1. opensymphony
  2. osworkflow


osworkflow / docs / Validators.html

<html><head><title>OSWorkflow Validators</title></head><body>
<ul class="star">
<li>Up to <a href="Documentation.html">Documentation</a></li>
<li>Back to <a href="Utility_Functions.html">Utility Functions</a></li>
<li>Forward to <a href="Registers.html">Registers</a></li>
</ul><p class="paragraph"></p>Just like <a href="Functions.html">Functions</a>, OSWorkflow allows for validators in three different forms: <b class="bold">Java-based</b>, <b class="bold">BeanShell</b>, and <b class="bold">BSF</b>. Java-based validators must implement the <b class="bold">com.opensymphony.workflow.Validator</b> interface (or in the case of <b class="bold">remote-ejb</b>'s, the <b class="bold">com.opensymphony.workflow.ValidatorRemote</b> interface). With Java-based validators, throwing an InvalidInputException is all that is needed to mark an input as invalid and stop the workflow action from occuring.<p class="paragraph"></p>But in BeanShell and BSF, things are a little different, since exceptions thrown in the scripts can't propogate out to the Java runtime environment. To get around this, any value returned in a BeanShell or BSF script will be used as the error message(s). The logic is as follows:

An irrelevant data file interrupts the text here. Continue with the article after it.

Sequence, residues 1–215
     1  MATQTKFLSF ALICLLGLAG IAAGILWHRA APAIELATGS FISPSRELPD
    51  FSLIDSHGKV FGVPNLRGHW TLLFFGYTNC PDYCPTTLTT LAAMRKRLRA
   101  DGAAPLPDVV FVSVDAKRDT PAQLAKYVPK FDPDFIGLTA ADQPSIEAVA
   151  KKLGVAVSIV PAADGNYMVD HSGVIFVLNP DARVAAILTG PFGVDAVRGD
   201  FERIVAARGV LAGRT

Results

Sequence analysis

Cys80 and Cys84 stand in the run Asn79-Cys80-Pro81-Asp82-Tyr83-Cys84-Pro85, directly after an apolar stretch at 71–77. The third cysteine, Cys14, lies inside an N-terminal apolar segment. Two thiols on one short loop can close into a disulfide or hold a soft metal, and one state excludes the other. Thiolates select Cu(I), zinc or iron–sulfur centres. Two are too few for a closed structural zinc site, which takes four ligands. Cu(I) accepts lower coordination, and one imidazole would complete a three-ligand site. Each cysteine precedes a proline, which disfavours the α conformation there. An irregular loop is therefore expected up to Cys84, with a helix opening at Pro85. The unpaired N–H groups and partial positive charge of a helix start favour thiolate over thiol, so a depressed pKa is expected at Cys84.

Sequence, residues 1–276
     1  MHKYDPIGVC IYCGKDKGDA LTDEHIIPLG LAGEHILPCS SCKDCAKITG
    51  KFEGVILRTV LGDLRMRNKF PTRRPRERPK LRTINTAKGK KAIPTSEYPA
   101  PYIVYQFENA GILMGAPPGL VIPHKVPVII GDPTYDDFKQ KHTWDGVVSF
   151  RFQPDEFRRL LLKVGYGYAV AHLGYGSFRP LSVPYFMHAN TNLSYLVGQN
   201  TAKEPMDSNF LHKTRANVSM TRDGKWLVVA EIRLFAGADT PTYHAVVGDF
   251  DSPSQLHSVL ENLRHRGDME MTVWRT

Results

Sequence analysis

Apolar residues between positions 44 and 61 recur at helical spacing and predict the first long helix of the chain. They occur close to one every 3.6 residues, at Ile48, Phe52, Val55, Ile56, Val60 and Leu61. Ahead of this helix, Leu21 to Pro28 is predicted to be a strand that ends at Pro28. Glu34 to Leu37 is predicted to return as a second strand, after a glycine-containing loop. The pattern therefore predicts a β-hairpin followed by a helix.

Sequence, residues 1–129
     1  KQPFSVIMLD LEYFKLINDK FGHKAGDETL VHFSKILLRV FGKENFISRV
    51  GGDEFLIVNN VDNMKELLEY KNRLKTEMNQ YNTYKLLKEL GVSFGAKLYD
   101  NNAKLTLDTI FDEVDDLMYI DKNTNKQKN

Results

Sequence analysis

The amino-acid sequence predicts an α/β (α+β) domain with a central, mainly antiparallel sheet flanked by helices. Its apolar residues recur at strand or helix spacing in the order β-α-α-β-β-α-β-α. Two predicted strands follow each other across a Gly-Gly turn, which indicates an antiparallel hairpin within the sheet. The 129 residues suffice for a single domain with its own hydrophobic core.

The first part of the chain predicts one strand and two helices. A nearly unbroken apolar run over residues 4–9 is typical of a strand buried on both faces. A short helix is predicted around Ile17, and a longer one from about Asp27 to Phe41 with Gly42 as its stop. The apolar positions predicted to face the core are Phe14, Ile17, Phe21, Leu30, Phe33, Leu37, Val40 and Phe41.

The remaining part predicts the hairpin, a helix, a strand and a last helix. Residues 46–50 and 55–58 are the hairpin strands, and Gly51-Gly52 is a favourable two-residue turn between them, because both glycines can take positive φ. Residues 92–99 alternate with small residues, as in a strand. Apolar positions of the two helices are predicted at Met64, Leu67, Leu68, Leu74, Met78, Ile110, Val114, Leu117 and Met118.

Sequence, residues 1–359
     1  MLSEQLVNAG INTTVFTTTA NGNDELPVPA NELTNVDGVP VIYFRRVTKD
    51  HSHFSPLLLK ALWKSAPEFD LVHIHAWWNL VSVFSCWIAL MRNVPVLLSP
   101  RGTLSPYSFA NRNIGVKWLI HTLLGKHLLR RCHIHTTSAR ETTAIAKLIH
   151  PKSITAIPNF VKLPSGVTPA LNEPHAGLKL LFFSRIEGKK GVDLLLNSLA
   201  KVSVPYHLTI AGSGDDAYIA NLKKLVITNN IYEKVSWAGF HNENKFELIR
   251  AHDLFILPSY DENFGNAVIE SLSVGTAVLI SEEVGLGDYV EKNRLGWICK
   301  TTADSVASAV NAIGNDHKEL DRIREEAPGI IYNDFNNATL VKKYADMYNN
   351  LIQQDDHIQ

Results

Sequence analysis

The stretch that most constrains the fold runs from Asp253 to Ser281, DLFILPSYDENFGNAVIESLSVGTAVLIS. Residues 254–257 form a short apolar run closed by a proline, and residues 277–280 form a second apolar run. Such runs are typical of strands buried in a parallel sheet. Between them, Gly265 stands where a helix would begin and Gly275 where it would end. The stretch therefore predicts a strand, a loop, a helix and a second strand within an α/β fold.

<ul class="minus">
<li>If the value returned is an InvalidInputException object, that object is immediately thrown to the client</li>
<li>If the value returned is a Map, that Map is used for the error/errorMessage pairs in the InvalidInputException</li>
<li>If the value returned is a String, the even numbers are used as keys, and the odd numbers are used as values to construct a Map that can then be used in the above case.</li>
<li>Otherwise, the value is converted to a String and added as a generic error message.</li>
</ul><p class="paragraph"></p></body></html>